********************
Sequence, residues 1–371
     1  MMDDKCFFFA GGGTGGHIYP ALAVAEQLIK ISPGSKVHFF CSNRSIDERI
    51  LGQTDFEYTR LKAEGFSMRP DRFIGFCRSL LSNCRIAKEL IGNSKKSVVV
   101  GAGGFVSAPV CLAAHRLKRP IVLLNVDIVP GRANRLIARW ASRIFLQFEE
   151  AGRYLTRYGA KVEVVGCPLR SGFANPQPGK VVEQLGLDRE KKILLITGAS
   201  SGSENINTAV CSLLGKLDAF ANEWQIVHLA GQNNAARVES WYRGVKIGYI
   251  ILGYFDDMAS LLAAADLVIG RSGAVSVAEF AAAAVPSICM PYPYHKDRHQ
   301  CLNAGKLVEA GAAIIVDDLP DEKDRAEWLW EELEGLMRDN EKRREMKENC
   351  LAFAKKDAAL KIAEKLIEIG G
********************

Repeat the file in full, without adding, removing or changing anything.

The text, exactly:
Sequence, residues 1–371
     1  MMDDKCFFFA GGGTGGHIYP ALAVAEQLIK ISPGSKVHFF CSNRSIDERI
    51  LGQTDFEYTR LKAEGFSMRP DRFIGFCRSL LSNCRIAKEL IGNSKKSVVV
   101  GAGGFVSAPV CLAAHRLKRP IVLLNVDIVP GRANRLIARW ASRIFLQFEE
   151  AGRYLTRYGA KVEVVGCPLR SGFANPQPGK VVEQLGLDRE KKILLITGAS
   201  SGSENINTAV CSLLGKLDAF ANEWQIVHLA GQNNAARVES WYRGVKIGYI
   251  ILGYFDDMAS LLAAADLVIG RSGAVSVAEF AAAAVPSICM PYPYHKDRHQ
   301  CLNAGKLVEA GAAIIVDDLP DEKDRAEWLW EELEGLMRDN EKRREMKENC
   351  LAFAKKDAAL KIAEKLIEIG G